If fighters deliver on fight night for the UFC, the promotion has no problem throwing lots of cash their way. Bonuses for Fight of the Night, Submission of the Night and Knockout of the Night have turned out to be brilliant moves and really motivate the fighters.
There was no submission victory at UFC 133 so UFC president Dana White used the extra cash to award a brand new bonus -- "the thanks for getting those horrifying shorts off TV as soon as possible" bonus.
Brian Ebersole's victory was impressive, but White was happier with the fact that he no longer had to watch Dennis Hallman (pictured) in the Octagon wearing tiny, tiny blue Speedos.
White argued that Hallman's fight gear wasn't even a Speedo.
"That wasn't a Speedo. I've seen Speedos before, that had to be custom made," White said with a tone somewhere between joking and still kind of irked. "[Ebersole] deserved every dime he got!"
[ Video: Watch Ebersole-Hallman highlights here ]
The blue trunks may have distracted Ebersole. A good grappler, he was taken down in the opening 15 seconds of the fight and had to deal with a submission predicament. Hallman had his back and was trying to secure a choke.
"I was just worried about that cup, and his uniform malfunctioning to be quite honest," joked Ebersole. "I knew I was fine from there. I've been training with some very, very good black belts in Melbourne, Australia."
Aside from the money, Ebersole said the strange reason for the bonus will make for a great story down the road.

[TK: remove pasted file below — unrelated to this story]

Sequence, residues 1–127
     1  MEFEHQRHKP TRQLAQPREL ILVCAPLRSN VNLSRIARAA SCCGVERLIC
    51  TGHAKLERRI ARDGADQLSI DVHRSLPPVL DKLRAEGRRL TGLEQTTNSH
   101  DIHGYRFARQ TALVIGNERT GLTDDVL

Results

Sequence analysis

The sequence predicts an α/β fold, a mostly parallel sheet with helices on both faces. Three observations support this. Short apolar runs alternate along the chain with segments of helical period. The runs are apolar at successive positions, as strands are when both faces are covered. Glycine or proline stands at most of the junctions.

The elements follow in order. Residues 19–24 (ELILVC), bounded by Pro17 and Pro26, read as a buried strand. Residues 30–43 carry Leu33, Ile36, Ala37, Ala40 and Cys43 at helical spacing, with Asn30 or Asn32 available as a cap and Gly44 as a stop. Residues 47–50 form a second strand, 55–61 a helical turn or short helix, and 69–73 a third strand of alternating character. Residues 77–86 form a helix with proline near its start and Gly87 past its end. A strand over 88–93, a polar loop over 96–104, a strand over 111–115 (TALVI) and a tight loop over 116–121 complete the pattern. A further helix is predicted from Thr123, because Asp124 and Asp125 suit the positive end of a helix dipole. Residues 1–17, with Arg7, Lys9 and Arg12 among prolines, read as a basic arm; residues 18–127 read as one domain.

"It's obviously one of them stories that's going to stick out for a long time. The longer I fight, the less stories I'm probably going to remember. That'll be one I can tell the grandkids and have a laugh about," said Ebersole.
Ebersole's journey to fighting on a UFC pay-per-view is pretty amazing. He's a 30-year-old from Indiana, but had to fight abroad to finally get his chance. He moved to Australia in 2007 and logged a total of 61 professional fights before catching the attention of the UFC. Now he's 2-0 with the biggest promotion in the world.
"It's a bit surreal. I always knew I could compete with the best guys in the world because I trained [in the past] with the best guys in the world out in California. So to be able to get my chance and win my first two fights ... you know I got thrown at the wall and I stuck," Ebersole said. "You know they can't rid of me for a little while. I'm pretty happy that I've done what I set out to do."
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